The results of the study indicate that there were differences between the nurses (RNs and LPNs) and pediatricians in regards to pediatric documentation (Jacquescoley, 2004). Overall, providers were compliant, but there were differences in provider signature, provider title, and administration site. For provider signature, RNs were less compliant than pediatricians, who were less compliant than LPNs. Several factors contribute to this difference. Some centers with large patient populations had one nurse manager or a nurse clinician overseeing various specialties, as well as center responsibilities, which left no time for consistent audit of the charts.

The LPN(s), depending on the center, were responsible for the administration and documentation of the immunization. This is in contrast to other centers, such as smaller ones or ones in which no nurse was available to the pediatric department, where the physician was the primary administrator and documenter of the vaccinations. Additionally, urgent child-care visits could be another factor due to triaging the patient properly, even though the providers in this study did not indicate that this was a barrier to immunizations. Depending on how many nurses are available to triage a patient, when a patient arrives with an emergency, the schedule changes for that department to accommodate that emergency (Jacquescoley, 2004).

Triaging a patient properly also was noted as a significant barrier to immunizations in nurse shift work, due to time constraints because triage took away from their time due to excessive paperwork caused by the urgent child visit (Fitzpatrick, Roberts, & White, 1999). Further, urgent child-care visits are considered as an opportunity for missed immunizations (Black, Lieu, Ray, Ray, Shinefield, & Udovic, 1998). Missed immunizations also were identified as the greatest barrier to complete immunizations in a study in Cook County, Illinois (Smith, Connery, Frintner, Knudsen, Outlaw, Smith, & Weingart 1999). With all this activity, it is possible that the nurse simply forgot to sign his or her name to the chart. This observation was also noted in the
Richards and Sheridan (1999) study.

The results in regard to provider title warrant concern. LPNs and RNs had very low compliance compared to pediatricians. This disparity could be attributed to the demographic composition of both nurse groups, compared with the pediatricians. However, demographic data was not collected in the questionnaire, which was one of the limitations of this study.

In regard to administration site, RNs were less compliant than LPNs or pediatricians. There are two factors that may account for this. During site visits, a determination was made that procedures varied widely among centers as to the documentation of immunizations in patient charts. Five centers utilized a separate vaccine log, while the remaining centers did not. The purpose of the log was to track manufacturers and lot numbers of vaccines. It also was determined that various immunization forms were being utilized to record the immunizations. In most cases, the progress note clearly identified what immunizations were to be administered. The physical form also was utilized for this purpose, but was less prevalent compared to the progress notes. The most prevalent form group wide appeared to be the American Academy of Pediatrics Vaccine Administration Record (1992, revised 1997). This form was adopted to cater to center and division needs throughout the group. Responses from physicians, registered and licensed nurses, varied between “always”, “sometimes,” and “never” concerning the site, title of provider, signature, and vaccine lot number. From an analysis of the data at the various centers, it was determined that various forms were being utilized. The following is a list of the forms in which the documentation was included: (a) Immunization Tracking Form (Blue Test Schedule); (b) Immunization Form-Academy of American Pediatrics;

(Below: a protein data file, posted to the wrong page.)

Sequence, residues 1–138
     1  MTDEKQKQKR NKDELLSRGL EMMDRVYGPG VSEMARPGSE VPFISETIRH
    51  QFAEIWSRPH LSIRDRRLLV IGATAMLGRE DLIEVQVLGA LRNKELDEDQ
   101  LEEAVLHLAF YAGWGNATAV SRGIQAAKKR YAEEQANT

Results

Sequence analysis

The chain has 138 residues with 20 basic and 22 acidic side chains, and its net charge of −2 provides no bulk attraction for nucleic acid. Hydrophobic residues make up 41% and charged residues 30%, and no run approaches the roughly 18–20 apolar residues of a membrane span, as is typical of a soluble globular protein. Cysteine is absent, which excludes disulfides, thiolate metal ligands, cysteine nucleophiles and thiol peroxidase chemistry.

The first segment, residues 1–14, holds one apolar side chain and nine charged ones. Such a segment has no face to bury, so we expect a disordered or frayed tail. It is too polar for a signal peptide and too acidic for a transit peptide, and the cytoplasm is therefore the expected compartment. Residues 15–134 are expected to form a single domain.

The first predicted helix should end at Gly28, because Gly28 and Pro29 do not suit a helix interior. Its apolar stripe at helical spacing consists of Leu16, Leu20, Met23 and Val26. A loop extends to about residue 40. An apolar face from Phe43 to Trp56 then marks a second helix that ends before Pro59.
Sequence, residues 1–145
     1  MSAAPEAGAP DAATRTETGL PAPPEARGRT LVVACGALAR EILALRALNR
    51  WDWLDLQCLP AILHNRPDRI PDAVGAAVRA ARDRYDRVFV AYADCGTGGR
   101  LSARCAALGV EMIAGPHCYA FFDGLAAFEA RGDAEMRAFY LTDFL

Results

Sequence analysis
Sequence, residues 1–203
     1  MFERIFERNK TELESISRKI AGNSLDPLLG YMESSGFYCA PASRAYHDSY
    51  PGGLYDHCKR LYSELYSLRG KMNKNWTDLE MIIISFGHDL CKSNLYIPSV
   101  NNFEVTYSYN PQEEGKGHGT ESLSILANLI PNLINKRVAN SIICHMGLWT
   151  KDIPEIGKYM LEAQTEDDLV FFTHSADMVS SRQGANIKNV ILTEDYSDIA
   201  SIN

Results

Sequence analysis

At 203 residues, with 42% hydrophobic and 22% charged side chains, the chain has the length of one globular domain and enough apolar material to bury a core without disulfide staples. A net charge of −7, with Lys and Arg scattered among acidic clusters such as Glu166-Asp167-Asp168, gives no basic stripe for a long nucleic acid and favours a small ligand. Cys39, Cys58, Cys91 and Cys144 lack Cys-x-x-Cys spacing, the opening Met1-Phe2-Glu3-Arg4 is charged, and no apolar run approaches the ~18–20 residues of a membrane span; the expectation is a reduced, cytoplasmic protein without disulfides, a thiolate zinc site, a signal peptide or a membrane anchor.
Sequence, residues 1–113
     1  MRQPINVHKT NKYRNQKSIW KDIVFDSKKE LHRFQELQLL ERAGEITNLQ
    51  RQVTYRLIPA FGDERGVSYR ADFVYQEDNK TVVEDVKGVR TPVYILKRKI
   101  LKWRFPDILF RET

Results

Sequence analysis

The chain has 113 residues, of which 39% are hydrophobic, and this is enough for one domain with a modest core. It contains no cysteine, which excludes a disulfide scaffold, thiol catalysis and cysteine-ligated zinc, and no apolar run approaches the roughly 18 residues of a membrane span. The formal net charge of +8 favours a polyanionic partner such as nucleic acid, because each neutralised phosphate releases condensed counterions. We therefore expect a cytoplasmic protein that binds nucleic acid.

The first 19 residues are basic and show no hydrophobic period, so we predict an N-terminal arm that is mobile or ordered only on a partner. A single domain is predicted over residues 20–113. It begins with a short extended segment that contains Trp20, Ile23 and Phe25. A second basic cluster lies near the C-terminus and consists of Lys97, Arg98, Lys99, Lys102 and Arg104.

(c) Immunization Form-Academy of American Pediatrics (Center Specific);
(d) Immunization Form- Academy of American Pediatrics (Division Specific);
(e) Immunization Tracking Form (Dates Only); (f) Well Child; (g) Photocopies of patient immunization records from other providers; and (h) New York City Department of Health Form.

Finally, there was recall bias in this study (Jacquescoley, 2004). Recall bias occurs when knowledge is ascertained from study participants who gather information for a specific purpose. As a result, responses given on the questionnaire may have influenced the reporting. Recall bias could result in a biased estimate of effect. This could affect the study when attempting to generalize the results.

As noted above, this study had some limitations. The questionnaire did not address demographic information. This information could have shed more light on the differences between the groups in terms of knowledge and barriers. In a study that examined vaccination beliefs and practices of pediatricians who provide care for low-income children, it was determined that demographic information was useful (Smith et al., 1999). Further, the sample size was not large enough to make the results generalizable to other nurses and pediatricians (Cheadle et al., 2002).

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Chu, S. Y., Luman, E, T., McCauley, M. M., Pickering, L. K., & Stockley, S. (2002). Timeliness of childhood immunizations. Pediatrics, 110, 935-939.

Connery, P., Frintner, M. P., Knudsen, K., Outlaw, G., Scott, K., Smith, S., & Weingart, S. (1999). Immunization practices and beliefs of physicians in suburban Cook County, Illinois. Journal of Community Health, 24, 1-11.

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Jacquescoley, E. (2004). Differences in Documentation of Pediatric Immunizations Among
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New York City Department of Health (1999). Bureau of Immunizations. Retrieved Febraury 15, 2000 from www.nyc.gov/html/imm/immclin/html.

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Richards, A., & Sheridan, J. (1999). Reasons for delayed compliance with the childhood vaccination schedule and some findings of computerized vaccination registers. Australian and New Zealand Journal of Public Health, 23, 315-317.